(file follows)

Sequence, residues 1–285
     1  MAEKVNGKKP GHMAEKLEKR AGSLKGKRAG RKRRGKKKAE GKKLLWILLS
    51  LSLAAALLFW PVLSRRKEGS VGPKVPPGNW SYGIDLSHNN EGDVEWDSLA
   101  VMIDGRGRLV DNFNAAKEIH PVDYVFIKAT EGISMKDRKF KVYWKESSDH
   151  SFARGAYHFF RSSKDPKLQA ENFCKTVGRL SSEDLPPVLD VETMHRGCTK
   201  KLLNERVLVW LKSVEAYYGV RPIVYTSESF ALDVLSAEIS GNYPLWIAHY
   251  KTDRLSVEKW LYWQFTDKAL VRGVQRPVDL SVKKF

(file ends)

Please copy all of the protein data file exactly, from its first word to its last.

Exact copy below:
Sequence, residues 1–285
     1  MAEKVNGKKP GHMAEKLEKR AGSLKGKRAG RKRRGKKKAE GKKLLWILLS
    51  LSLAAALLFW PVLSRRKEGS VGPKVPPGNW SYGIDLSHNN EGDVEWDSLA
   101  VMIDGRGRLV DNFNAAKEIH PVDYVFIKAT EGISMKDRKF KVYWKESSDH
   151  SFARGAYHFF RSSKDPKLQA ENFCKTVGRL SSEDLPPVLD VETMHRGCTK
   201  KLLNERVLVW LKSVEAYYGV RPIVYTSESF ALDVLSAEIS GNYPLWIAHY
   251  KTDRLSVEKW LYWQFTDKAL VRGVQRPVDL SVKKF